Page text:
Rory McIlroy says he will wrap himself “in cotton wool” to make sure he plays at “an extra special” Open Championship at St Andrews in July after missing out on defending his title at the iconic venue in 2015 because of a freak injury.
The oldest major marks its 150th tournament this year by returning to the home of golf and the fabled Old Course for the first time in seven years.
To celebrate the landmark, BBC Sport is running a series of podcasts, focusing on a different player or theme each week.
The first, featuring McIlroy – Open champion in 2014 – is available now and is exclusive to BBC Sounds.
In it, the Northern Irishman talks about how he has realised his childhood dreams, how his “momentum” in majors was halted by missing out on the 2015 Open and how he felt he lost a sense of invincibility.
McIlroy followed his Open victory at Hoylake by winning the US PGA Championship – the most recent of his four majors – and, after finishing fourth at the 2015 Masters and ninth at the US Open, expectations were high heading to St Andrews.
But he ruptured an ankle ligament in the week before the Championship while playing football with friends.
“I didn’t win the Masters that year because Jordan (Spieth) played fantastically well, but I played well that week,” McIlroy said.
“I finished in the top 10 at the US Open and I’d won three times in 2015 but [the injury] halted that momentum of being on that run of majors.
“It didn’t stop me having a great year beyond that. I came back as early as I could and played the PGA and played OK, and ended up winning (the European Tour’s) Race to Dubai.”
Asked if he had lost a feeling of invincibility, McIlroy replied: “Yeah. Brooks Koepka has talked about this. When he went on his run (winning four majors in three years), you don’t have to do that much right to get yourself into the mix.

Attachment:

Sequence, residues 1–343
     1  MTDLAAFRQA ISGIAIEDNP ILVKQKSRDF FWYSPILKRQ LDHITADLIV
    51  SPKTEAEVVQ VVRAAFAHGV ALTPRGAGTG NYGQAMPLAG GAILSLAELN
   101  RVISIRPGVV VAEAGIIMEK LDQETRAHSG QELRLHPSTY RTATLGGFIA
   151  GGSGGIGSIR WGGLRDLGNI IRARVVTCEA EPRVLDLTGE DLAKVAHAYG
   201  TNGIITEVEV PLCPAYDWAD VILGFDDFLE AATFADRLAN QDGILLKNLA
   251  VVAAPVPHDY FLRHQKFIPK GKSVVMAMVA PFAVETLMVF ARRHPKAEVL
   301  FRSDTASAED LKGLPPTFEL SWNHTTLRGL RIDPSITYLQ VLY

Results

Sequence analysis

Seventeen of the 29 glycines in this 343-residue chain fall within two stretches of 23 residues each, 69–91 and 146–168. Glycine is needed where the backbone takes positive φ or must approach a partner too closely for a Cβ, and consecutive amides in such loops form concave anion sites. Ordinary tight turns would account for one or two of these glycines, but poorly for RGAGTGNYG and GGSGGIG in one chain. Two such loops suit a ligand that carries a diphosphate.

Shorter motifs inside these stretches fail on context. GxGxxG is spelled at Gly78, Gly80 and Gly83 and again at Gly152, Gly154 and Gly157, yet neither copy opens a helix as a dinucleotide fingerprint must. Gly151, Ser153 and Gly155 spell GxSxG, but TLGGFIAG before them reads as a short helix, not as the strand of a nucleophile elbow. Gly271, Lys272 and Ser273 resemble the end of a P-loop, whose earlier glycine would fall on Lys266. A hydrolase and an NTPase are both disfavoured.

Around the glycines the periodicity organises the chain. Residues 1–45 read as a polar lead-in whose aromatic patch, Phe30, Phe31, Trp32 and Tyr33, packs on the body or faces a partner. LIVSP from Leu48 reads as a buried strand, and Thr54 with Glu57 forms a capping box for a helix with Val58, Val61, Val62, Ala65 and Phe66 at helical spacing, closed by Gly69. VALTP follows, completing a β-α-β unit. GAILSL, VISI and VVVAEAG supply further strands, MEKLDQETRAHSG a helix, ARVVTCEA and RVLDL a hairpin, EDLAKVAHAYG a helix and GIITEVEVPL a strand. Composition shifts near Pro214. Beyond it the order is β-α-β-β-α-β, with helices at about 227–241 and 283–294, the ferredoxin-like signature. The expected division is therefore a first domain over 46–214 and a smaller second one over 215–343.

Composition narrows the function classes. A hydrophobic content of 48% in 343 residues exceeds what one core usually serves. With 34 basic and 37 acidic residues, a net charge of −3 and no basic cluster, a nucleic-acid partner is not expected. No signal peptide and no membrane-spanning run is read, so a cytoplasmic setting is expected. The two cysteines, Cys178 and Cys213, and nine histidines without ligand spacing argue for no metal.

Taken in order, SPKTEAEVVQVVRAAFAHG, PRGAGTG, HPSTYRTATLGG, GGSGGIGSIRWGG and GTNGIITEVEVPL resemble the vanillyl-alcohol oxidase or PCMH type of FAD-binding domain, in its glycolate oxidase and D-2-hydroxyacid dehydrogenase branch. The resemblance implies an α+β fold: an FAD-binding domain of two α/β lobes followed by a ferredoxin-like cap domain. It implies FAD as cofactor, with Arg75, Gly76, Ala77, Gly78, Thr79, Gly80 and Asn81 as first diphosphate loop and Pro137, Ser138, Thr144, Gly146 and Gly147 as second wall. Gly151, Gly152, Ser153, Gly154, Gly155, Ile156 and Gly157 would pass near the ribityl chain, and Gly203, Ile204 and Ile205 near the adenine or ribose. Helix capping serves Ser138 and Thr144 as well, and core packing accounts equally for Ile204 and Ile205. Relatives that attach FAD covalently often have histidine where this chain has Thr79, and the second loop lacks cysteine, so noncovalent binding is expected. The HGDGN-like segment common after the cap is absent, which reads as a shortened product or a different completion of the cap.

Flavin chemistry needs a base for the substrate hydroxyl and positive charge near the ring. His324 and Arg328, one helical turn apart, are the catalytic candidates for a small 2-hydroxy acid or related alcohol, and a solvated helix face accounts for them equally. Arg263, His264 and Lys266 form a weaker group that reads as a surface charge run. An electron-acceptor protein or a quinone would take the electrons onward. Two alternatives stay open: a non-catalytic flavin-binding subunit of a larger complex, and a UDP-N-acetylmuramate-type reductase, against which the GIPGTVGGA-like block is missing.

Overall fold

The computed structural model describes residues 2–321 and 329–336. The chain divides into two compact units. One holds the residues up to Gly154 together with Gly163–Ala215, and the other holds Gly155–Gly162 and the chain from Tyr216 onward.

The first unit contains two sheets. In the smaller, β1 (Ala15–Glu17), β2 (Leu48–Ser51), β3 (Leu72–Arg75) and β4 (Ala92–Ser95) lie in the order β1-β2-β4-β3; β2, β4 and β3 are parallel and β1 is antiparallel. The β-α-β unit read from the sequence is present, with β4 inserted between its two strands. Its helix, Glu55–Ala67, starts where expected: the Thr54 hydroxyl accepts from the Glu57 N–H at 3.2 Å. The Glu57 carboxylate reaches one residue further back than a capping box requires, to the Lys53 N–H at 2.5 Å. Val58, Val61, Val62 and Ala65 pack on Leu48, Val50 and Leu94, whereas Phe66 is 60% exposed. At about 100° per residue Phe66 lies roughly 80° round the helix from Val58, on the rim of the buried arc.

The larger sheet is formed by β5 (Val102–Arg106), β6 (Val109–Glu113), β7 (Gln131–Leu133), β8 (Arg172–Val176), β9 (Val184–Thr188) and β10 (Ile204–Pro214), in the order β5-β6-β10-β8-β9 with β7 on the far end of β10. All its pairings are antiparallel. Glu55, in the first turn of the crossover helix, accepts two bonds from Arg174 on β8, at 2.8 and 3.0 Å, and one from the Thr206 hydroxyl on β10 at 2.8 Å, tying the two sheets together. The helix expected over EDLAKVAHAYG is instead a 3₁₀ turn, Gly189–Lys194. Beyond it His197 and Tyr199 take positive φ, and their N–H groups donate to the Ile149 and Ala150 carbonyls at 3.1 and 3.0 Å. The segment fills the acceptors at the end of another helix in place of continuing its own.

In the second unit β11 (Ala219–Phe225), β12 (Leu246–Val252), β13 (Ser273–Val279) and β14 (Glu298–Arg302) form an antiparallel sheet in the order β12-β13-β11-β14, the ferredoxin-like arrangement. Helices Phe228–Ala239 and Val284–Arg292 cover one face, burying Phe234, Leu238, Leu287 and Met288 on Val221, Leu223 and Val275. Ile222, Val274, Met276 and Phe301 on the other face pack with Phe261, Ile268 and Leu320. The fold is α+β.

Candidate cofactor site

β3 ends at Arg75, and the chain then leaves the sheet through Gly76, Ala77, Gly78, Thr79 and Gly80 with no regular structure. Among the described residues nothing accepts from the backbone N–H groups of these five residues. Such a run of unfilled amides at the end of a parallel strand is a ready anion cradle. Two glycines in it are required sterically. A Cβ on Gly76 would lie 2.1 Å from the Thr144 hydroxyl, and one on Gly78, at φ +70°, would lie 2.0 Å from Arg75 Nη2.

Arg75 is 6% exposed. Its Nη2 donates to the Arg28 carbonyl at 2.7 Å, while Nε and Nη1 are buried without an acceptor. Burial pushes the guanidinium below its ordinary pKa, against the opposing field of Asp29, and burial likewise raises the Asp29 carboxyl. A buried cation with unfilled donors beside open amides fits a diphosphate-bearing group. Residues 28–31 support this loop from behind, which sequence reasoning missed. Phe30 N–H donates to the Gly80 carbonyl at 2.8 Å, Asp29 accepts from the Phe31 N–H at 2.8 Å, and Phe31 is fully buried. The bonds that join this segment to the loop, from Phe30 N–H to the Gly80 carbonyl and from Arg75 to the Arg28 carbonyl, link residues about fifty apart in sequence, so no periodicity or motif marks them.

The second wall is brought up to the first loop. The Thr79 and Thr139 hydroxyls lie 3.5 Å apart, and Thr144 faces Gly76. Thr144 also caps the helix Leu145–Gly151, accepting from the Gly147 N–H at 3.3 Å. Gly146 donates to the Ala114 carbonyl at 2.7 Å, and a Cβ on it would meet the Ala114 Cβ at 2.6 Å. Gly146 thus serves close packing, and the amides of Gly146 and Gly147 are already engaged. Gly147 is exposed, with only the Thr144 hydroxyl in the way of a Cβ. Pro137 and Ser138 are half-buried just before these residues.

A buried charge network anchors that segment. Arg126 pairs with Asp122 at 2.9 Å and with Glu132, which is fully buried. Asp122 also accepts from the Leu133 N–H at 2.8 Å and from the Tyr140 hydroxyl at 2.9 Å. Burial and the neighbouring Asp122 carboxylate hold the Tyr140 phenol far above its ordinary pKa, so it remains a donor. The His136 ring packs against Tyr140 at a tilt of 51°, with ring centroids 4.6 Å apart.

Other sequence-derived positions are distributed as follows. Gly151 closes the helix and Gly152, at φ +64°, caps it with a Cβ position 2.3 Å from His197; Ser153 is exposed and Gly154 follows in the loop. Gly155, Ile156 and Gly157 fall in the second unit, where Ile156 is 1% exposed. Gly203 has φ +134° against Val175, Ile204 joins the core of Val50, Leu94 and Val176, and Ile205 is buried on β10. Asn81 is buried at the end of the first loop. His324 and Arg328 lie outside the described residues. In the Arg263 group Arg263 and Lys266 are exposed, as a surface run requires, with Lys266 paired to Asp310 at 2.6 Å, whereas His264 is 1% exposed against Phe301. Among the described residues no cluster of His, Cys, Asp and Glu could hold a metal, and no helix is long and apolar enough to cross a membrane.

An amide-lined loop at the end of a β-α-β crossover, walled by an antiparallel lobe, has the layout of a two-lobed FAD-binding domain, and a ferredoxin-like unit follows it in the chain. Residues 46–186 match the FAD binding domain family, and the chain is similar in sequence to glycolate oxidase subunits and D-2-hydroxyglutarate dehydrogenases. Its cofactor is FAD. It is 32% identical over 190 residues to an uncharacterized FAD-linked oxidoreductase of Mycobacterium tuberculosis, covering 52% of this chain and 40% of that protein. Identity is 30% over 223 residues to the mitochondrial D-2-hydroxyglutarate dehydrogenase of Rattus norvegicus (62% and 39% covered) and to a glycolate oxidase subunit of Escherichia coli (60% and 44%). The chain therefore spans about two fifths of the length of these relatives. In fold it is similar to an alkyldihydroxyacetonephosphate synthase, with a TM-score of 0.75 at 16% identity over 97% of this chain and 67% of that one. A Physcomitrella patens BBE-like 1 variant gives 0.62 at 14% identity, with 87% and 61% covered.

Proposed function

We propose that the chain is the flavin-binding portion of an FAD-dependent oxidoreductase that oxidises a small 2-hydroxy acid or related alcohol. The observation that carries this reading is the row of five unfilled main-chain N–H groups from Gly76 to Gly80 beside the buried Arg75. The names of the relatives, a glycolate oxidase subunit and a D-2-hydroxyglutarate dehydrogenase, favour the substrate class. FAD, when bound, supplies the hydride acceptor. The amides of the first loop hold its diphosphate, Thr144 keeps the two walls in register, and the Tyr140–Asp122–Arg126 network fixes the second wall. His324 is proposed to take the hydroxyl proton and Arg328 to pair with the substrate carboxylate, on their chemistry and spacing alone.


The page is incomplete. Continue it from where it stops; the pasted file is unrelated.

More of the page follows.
“There was certainly that feeling in 2014 and 2015, but the game has moved on.”
McIlroy pointed to the emergence of defending Open champion Collin Morikawa – who will also feature in this podcast series – as a player he “had not heard of” when he last won a major in 2014.
“There are a lot of young players that have come through that are fearless, winning younger than ever. While it’s not about them – it’s about you and shooting the best score that you can – there are a few more players in the way than there maybe was five or seven years ago.”
This will be McIlroy’s first Open at St Andrews since 2010.
In that Championship, which was the 150th anniversary of the first, the 21-year-old shot a first-round nine-under-par 63 to tie the record for the lowest score in a major.
He was caught in the worst of the weather in round two and carded an 80 to wreck his hopes of winning the tournament, although he bounced back with a combined seven under par in the final two rounds to finish joint third.
McIlroy’s solitary Claret Jug came four years later in Liverpool as he became the first European golfer to win three of the four majors.
He took a six-shot lead into the final round, eventually winning by two from Rickie Fowler and Sergio Garcia.
“To win an Open with my parents there and have that embrace on the back of the 18th green, those are the moments you’ll never forget,” said McIlroy.
“It’s the win and everything to do with that, and the fact you get your name on that trophy, but when I look back on my career it’s the fact that my parents were able to see me win those tournaments. That’s the thing that makes me really proud – you share it with so many other people.”
Since that victory, McIlroy has only once finished in the top 20 at The Open, although he has had 14 top-10s in the other three majors in that time.
“I’ve basically won everything else there is to win in golf,” he said. “I’ve won the Players Championship. I’ve won FedEx Cups. I’ve won the Race to Dubai. I’ve won World Golf Championships. I’ve won national Opens. I’ve done a lot.
“That hasn’t included a major, but I’ve played well enough to win one.”
A record crowd of 290,000 will descend on the Fife town of St Andrews in the third week of July to see if McIlroy can find his winning touch in majors again.